Flash in the Pan

The gods of grease



Foods that are organic or otherwise more "natural" have reached unprecedented levels of public acceptance. But in the valuations and price action that represent truth on Wall Street, fast food companies are beating the tar out of organic corporations. The stock market is a forward-looking indicator, reacting not to the way things are, but to the way the market expects things to be. And the fast food industry is counting on two new varieties of high-oleic soy oil, set to hit the fryers this year, to add gravy to its train.

Oleic acid is named after olive oil, the most concentrated naturally occurring source of this monounsaturated fat. Widely lauded for its healthfulness and flavor, olive oil offers many reasons to love it. But it's the oleic acid that industrial food processors are drooling over—and not necessarily for its supposed heart-friendly virtues. Oleic acid is stable at room temperature for long periods of time, and can endure repeated bursts of heat without breaking down.

High-oleic oils first entered the market about 10 years ago as the industry attempted to phase out its use of partially hydrogenated oils—aka margarine—which have been shown to contain dangerous levels of trans fats. Several high-oleic oils have entered the market to fill this void of shelf- and heat-stable fats, including oils made from sunflower, corn and canola seeds.

These high-oleic oils have become the industry's preferred substitute for partially hydrogenated vegetable oils, and are used in all manner of processed food, especially snack foods that need long shelf lives, and in the vats of hot oil used to deep-fry food. While these new oils lack trans fats, they are still not ideal for the industry, explains Melanie Warner in Pandora's Lunchbox: How Processed Food Took Over the American Meal.

"Nearly a decade into the post-trans-fat era, no clear-cut winner for replacing partially hydrogenated soybean oil as processed food's favorite fat has been found," she writes. "Corn oil retains a corny taste; canola can only be grown in northern climates, limiting its production; sunflower and safflower are too expensive; and butter is way too expensive, as is coconut oil."

Regular soy oil, Warner notes, is the cheapest form of fat there is, making it the obvious first choice for industry. Soybeans are also one of the best sources of protein in the plant world, which is why pressed soy cake is so valuable as animal feed. Other products, like lecithin and vitamin E, are extracted from soy and sold separately. But despite soy's multi-market upside, the industry is heavily subsidized. And since everything from burgers to fries to buns contains soy oil, subsidizing soy equals subsidizing fast food. The same can be said about junk food.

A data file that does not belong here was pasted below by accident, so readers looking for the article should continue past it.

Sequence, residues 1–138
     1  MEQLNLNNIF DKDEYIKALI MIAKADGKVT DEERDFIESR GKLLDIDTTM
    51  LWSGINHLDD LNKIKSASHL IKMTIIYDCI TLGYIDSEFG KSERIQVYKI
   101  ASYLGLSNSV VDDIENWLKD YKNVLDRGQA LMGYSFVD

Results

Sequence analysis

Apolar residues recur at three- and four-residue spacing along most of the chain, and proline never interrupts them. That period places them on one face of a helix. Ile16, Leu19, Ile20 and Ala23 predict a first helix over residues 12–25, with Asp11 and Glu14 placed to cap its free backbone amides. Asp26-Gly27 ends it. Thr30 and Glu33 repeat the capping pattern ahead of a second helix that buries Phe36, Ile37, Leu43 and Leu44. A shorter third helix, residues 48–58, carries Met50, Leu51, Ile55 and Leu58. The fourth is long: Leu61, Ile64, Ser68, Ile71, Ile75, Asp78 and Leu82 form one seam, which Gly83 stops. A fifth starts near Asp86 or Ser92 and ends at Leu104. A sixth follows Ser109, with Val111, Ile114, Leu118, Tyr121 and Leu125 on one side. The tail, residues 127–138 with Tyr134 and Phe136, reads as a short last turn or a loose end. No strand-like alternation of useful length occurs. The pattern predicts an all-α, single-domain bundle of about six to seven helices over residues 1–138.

• Photo by Cathrine L. Walters

Enter high-oleic soybean oil. There are two new types, DuPont's Plenish and Monsanto's Roundup-ready Vistive® Gold. Both are made through the genetic modification technique called gene silencing, but there are slight differences between them. Plenish boasts higher oleic acid levels, on par with olive oil at 75 percent. Vistive® Gold is lower in saturated fat, which many people still believe is bad for you. Vistive® Gold also boasts lower levels of linoleic acid, aka omega-6 fatty acid.

Efforts by Monsanto and Dupont to perfect high-oleic soybean oil, Warner told me via email, are "part of a decades-long struggle by the food industry to make soybean oil suitable for processed foods. Ever since trans fats became a health concern, the oil industry has been trying to find a way to prevent soybean oil from going rancid in food and in frying vats."

Among its many industry-friendly qualities, high-oleic soy oil can withstand up to three times as many fryings as the current industry standard. Thus, vegetable oil costs for processed foods could be cut by as much as a third in the coming years, as these products ease their way into our lives.

Although soy has been eaten for thousands of years in Asia, it's mostly been in fermented forms like soy sauce, tempeh, natto, miso and tamari. Even tofu was once commonly fermented. But soy oil was rarely consumed. "The only vegetable oil eaten in any significant quantity was olive oil," Warner writes. She quotes Joe Hibbeln, acting chief of nutritional neurosciences at a research division of the National Institutes of Health, who calls the rise of soybean oil "the single greatest, most rapid dietary change in the history of Homo sapiens."

The many adjustments, dead-ends and wrong turns that have occurred as Homo sapiens have tried to adapt to vegetable oils might be a clue that we're trying to fit a square oil into round bodies, so to speak. Our never-ending quest to tweak away health complications and bad odors, and insert supposedly healthful qualities, may turn out to be a fool's errand.

But on the other hand, maybe the gene jockeys at Monsanto and DuPont have finally figured out exactly what we want and don't want from our oil, and how to get soy oil to be that, and only that. It's entirely possible. But as the leading indicators on Wall Street are suggesting, it's more likely they've figured out how to squeeze even more profit from soy.

Soy is the backbone of junk food and fast food, and high-oleic soybean oil is poised to make related businesses more profitable. Whether the oil turns out  to be good for the people who consume it remains to be seen.

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